Icelanders as ancestors of Vikings may be perceived as strong, stubborn and patriarchal whereas Vikings were surprisingly egalitarian. They founded one of the world’s early democracies when settling in Iceland. Always everyone’s opinion was equal.

Early start

Icelandic society is a young one – 2/3 of Icelanders (211K) are in working age (15-64 years) as in Iceland there’s a cultural drive to start your family early. Thus a lot of couples aged between 18-19 do have a child and start a family. What’s more an average Icelandic family consists of 6 people (4 kids). Most of Icelanders have two jobs at least or work at side projects. Taking into account their number (320 thousand) versus needs, which constantly rise annually especially with all the tourists, it’s a good approach. It’s even more so during summer period as due to insufficient number of working people they employ children even aged 13 to help them fill demand. Therefore, it’s not uncommon to have grandparents still working and grandchildren already working in same place (and the closest family in average consists of 26 members). They learn hard work from early years but also the rule that everyone is equal.

The Icelandic way of management

Nowadays when we enter Icelandic company it’s sometimes difficult to spot the boss. Little hierarchy and informality in relations still prevails. What’s more it’s OK to disagree with the boss openly even in front of others.

Great emphasis is also placed on initiative and taking responsibility by employees. Thus, people are more likely to move to action without getting the boss’s okay. It’s OK to email or call people several levels below or above you. During meetings with a client or supplier, there is less focus on matching hierarchical levels therefore you’ll be seated or spoken to in no specific order.

What do they value

Icelander’s value punctuality and good organisation but at the same time give a lot of space for individual ideas and ways to achieve given outcome. They prefer to focus on one task at a time unless someone is skilled in multitasking but without significant drop in performance. Trust is built through business-related activities – by doing consistently good work and being reliable. But it’s during informal meetings, lunch or dinners that they are open to know you better and to hear out your ideas and proposals. Again, Icelanders put a great emphasis on personal contacts. Also in the business world they are very attached to the personal dimension of it. Considering the size of the Icelandic business community and its close network of personal contacts it is hardly surprising that Icelandic business leaders tend to value personal relations highly.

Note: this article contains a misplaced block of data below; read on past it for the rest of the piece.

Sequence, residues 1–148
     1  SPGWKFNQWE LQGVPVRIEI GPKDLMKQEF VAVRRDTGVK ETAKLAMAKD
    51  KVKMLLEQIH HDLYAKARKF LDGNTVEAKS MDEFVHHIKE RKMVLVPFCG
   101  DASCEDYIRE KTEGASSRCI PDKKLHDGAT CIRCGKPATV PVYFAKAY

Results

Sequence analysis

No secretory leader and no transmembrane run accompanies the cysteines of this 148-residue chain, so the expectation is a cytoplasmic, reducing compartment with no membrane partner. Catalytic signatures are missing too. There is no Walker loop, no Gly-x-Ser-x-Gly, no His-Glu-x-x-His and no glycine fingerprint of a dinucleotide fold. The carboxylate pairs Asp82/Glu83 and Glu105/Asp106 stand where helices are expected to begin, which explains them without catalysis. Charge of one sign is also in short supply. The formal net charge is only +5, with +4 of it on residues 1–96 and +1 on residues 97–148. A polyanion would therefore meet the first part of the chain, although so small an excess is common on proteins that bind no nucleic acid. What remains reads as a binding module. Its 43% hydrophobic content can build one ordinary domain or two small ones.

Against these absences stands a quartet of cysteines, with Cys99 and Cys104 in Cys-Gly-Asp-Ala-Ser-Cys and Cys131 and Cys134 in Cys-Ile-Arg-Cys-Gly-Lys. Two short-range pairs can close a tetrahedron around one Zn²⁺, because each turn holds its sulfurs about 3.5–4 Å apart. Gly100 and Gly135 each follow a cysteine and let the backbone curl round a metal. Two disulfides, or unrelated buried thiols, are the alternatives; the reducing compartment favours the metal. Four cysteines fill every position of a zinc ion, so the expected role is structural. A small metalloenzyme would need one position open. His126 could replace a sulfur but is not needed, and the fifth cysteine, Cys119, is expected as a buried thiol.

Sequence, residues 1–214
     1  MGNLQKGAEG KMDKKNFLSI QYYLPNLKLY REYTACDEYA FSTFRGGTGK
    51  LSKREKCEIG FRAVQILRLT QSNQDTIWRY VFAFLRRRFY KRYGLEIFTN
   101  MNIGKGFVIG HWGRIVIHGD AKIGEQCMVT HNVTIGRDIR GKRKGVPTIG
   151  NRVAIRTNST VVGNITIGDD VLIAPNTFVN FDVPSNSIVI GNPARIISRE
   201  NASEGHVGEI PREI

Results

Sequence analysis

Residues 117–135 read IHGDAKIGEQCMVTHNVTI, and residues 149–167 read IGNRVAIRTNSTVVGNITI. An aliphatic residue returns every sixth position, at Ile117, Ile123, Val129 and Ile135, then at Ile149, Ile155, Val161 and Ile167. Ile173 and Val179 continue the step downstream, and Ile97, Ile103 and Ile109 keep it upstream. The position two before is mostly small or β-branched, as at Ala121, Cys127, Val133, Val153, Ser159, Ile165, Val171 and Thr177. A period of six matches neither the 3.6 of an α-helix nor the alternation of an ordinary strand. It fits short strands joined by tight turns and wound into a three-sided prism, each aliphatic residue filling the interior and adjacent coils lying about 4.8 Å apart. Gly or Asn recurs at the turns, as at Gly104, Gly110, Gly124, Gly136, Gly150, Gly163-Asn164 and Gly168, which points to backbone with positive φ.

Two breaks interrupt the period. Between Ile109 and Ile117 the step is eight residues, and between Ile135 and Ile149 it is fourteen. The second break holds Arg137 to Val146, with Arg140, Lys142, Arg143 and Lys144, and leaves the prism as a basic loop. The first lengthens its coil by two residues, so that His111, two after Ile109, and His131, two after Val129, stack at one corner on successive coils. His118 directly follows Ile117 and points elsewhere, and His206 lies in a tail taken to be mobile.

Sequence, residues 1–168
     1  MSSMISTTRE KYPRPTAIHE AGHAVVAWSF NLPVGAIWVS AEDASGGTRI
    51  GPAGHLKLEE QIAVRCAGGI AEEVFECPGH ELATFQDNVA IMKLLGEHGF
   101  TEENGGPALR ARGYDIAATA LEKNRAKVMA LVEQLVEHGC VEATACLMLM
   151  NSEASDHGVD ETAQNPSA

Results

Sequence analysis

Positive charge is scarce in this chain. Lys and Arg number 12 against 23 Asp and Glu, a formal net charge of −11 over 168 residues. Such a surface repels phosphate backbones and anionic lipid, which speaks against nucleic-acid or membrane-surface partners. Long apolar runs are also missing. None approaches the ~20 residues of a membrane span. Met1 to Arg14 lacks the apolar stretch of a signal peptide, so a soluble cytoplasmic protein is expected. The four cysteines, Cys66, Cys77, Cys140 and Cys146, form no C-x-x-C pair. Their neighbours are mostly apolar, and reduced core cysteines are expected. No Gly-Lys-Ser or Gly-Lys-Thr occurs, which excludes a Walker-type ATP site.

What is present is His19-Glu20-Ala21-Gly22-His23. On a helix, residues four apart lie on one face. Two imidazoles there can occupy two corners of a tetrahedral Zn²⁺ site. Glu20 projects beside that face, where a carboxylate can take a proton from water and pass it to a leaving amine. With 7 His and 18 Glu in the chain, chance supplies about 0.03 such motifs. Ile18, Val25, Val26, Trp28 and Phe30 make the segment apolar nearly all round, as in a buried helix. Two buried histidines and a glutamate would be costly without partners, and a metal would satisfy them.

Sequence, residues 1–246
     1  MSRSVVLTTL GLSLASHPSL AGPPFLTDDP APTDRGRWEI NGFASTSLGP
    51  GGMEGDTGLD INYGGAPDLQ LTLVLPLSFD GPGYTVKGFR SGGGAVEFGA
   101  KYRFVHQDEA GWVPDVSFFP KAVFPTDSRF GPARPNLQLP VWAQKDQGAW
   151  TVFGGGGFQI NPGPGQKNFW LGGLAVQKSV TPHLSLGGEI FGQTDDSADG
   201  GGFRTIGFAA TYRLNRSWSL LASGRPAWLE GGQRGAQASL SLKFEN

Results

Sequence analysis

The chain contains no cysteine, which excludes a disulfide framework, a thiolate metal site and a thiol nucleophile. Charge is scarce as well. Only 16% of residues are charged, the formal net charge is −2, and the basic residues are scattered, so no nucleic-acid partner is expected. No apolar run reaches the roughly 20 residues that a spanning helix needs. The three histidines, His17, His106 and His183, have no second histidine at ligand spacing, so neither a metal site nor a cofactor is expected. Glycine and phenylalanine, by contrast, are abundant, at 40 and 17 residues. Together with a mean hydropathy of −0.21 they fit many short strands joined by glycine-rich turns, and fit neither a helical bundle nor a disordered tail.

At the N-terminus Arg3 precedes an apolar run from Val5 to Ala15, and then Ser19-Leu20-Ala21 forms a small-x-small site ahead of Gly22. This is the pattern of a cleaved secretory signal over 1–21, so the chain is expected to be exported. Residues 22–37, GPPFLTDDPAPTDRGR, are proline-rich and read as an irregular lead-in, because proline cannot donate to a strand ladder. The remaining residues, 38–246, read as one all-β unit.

Icelandic managers

Icelandic managers are seen as straightforward, friendly, reliable, quick to solve problems and positive. Also they don’t mind being asked questions and are ready to discuss everything.

Icelanders are known for focusing on finding solution than dwelling on problems. (Some even say that they don’t have problems only challenges). It’s sometimes achieved by making quick decisions without debating everything down to the core. Also very often Icelandic managers act on their gut feeling rather than careful planning. Nevertheless, all that doesn’t mean that they are stubborn. If they sense that their decisions were erroneous or need to be modified for some reason they are willing to change their minds. They are always open for debate and ideas sharing with employees. Sometimes it’s just more efficient to make quick decision by ignoring compromises.

Women are managers almost as often as men in various industries and fields.

gender equality
Source: World Economic Forum

No strategy, just do it

Icelandic way of doing business can be described by using nike’s slogan: “just do it”. Meaning to set off and let things take their course without a strong strategy. They’re saying “we’ll manage, as usual”. And if not, they can try something else, it’s not the end of the world. It can be said that, an Icelandic model of running a business is 10% planning, 80% operation and 10% correcting mistakes (as contrasted with popular 80% planning and 20% operation). This approach is accompanied by a high error margin and willingness to accept the cost of correcting mistakes but at the same time is a quick one.

If you feel restrained by slow decision making resulting from complex hierarchy rules in you company or you’re tired of constantly calling everyone Mr and Mrs maybe Icelandic way of management will suit you more.